Academic journal article Academy of Marketing Studies Journal

A Market Analysis Framework for Business Doctoral Education Opportunities

Academic journal article Academy of Marketing Studies Journal

A Market Analysis Framework for Business Doctoral Education Opportunities

Article excerpt

INTRODUCTION

Both the popular press and the Association to Advance Collegiate Schools of Business International (AACSB) predict that demand for business doctoral education will increase substantially (e.g., AACSB, 2013; Damast, 2010; The Economist, 2013). Indeed, AACSB (2013) noted that doctoral education is entering a new age filled with significant challenges but substantial opportunities for increasing doctoral program innovation, accessibility, and delivery. Yet, understanding the market for business doctoral education has proven extremely challenging, with few attempts made even to codify a process of analysis for this opportunity. This is especially important given increasing pressure on institutions to develop resources-and to utilize them more effectively-and the concomitant pressures to improve institutional reputation and branding. Since these are largely strategic marketing issues, the authors adapt classic market analysis as a preliminary framework for accomplishing this task.

There is a growing body of literature that adapts business-related marketing concepts to higher education (Kotier & Fox, 1995; Kotier & Levy, 1969a; 1969b; Bugandwa Mungu Akonkwa, 2009). For example, Ma and Todorovic (2011) and Hammond and Webster (2011) explore the concept of market orientation in institutions of higher education. Munteanu, Ceobanu, Bobalca & Anton (2010) apply the idea of customer satisfaction in a university setting.

The purpose of this paper is to develop a market analysis framework to explore strategic opportunities in the doctoral education market. The paper extends the current literature by adapting the classic market analysis model to this facet of higher education. The authors use the following dimensions, as suggested by Aaker (2014), to structure the market analysis framework: 1) emerging submarkets, 2) market and submarket size, 3) market and submarket growth, 4) market profitability, 5) cost structure, 6) distribution systems, 7) market trends, and 8) key success factors. In this paper, the authors first review and discuss the relevant literature and market analysis models. Next, the various dimensions of the proposed market analysis framework are defined and the relevance of the framework to doctoral education is discussed. Also included are examples of data, and their potential sources, that may be obtained for the various dimensions. Lastly, the authors conclude with a discussion of the advantages and challenges of employing the framework.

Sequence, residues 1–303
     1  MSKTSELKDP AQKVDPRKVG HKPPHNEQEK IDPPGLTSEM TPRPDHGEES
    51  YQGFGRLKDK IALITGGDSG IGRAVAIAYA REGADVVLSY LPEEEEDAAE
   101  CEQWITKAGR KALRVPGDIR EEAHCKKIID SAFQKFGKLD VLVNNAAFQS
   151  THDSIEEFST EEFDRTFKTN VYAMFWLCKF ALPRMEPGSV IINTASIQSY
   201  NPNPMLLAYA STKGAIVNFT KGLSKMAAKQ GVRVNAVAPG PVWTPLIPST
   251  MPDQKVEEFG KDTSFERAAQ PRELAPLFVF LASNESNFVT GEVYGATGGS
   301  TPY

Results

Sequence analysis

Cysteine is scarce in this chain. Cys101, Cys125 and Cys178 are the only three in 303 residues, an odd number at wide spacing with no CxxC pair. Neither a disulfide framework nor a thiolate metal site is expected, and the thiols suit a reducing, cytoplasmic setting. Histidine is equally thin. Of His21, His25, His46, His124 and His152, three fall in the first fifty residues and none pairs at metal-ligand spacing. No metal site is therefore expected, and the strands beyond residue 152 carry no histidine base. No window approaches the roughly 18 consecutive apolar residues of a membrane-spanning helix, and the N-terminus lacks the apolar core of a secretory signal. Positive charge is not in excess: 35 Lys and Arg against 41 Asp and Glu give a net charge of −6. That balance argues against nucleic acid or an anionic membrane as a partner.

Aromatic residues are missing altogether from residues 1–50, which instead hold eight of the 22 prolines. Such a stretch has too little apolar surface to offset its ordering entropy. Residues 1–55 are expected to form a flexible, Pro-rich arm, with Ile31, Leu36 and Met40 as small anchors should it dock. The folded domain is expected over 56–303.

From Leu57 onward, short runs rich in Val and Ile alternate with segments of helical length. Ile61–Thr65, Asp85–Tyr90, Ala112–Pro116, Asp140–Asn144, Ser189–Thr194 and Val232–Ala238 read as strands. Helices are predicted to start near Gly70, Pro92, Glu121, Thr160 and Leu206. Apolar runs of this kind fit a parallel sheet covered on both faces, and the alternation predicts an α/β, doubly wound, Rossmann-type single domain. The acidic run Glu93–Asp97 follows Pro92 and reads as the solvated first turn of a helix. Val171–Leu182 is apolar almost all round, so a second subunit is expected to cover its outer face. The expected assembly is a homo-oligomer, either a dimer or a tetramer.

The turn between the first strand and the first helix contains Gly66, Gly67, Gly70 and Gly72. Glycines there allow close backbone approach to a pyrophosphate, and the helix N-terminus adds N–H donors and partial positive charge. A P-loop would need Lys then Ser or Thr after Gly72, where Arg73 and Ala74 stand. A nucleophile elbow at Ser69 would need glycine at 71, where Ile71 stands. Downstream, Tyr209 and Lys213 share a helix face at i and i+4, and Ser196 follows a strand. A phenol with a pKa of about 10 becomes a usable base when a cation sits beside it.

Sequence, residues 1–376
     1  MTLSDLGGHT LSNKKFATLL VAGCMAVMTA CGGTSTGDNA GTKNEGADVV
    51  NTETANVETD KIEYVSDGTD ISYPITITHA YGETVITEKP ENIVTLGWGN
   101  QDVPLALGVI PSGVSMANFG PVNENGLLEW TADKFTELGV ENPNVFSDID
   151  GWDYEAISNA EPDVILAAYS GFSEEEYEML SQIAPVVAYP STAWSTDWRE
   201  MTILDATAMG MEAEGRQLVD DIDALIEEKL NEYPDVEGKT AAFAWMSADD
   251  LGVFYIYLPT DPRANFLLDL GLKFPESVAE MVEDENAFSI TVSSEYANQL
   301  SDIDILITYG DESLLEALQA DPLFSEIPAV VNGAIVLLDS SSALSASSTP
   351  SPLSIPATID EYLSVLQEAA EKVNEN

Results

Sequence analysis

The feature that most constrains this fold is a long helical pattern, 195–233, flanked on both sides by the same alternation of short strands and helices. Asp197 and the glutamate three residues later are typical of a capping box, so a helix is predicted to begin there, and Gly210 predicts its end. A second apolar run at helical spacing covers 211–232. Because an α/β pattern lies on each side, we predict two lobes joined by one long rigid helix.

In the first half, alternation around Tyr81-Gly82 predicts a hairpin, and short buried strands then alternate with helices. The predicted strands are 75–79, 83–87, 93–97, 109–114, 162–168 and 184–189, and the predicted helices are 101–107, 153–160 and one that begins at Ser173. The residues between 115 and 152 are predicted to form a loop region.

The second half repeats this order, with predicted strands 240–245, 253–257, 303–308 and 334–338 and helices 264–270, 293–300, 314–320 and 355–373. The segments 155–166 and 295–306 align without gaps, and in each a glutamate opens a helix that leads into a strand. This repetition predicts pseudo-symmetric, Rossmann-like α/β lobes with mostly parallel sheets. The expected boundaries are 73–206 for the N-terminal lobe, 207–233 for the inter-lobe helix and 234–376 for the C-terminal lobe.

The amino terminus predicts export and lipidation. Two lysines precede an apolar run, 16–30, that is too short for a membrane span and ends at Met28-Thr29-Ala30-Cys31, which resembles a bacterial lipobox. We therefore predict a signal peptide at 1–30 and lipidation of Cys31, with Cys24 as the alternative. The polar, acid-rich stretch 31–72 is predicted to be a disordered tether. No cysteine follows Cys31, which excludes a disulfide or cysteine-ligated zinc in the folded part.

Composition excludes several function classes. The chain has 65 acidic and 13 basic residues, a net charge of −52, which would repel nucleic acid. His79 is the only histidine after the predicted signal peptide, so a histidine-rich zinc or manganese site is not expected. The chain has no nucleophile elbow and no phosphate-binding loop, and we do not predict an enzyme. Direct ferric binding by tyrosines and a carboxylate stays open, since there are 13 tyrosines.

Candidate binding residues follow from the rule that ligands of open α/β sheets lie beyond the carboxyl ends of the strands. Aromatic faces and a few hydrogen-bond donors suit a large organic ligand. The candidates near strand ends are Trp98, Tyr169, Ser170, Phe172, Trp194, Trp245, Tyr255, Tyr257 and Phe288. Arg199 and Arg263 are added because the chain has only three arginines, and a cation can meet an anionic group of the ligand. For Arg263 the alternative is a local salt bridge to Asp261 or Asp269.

LITERATURE REVIEW

Business doctoral program opportunities

The demand for Ph.D. holders has been growing over the past 20 years, largely driven by the increase in the number of university students both internationally and nationally (DeMeyer, 2013), resulting in increased recruitment of faculty with doctorates. DeMeyer (2013) proposes that business doctoral education needs to change to keep up with this increasing demand. DeMeyer points out that there needs to be more diversity and efficiency in the delivery of doctoral education and there will be a growing variety in doctoral program models. This is echoed by AACSB's Doctoral Education Task Force.

The AACSB Doctoral Education Task Force recently performed an in-depth review of business doctoral education, its global trends, and its future needs. The Task Force focused on concerns regarding the purpose of business doctoral education, sustainability of doctoral programs, access to doctoral education, and quality of education. In its report (AACSB, 2013), the Task Force noted that doctoral education is entering a new age that is driven by globalization, technology, and evolving faculty models and identified several challenges and opportunities. Consequently, educational institutions could expand the missions of the doctoral program to serve a broader set of individuals with a wider range of career paths, thus increasing the competencies and employability of doctoral graduates. …

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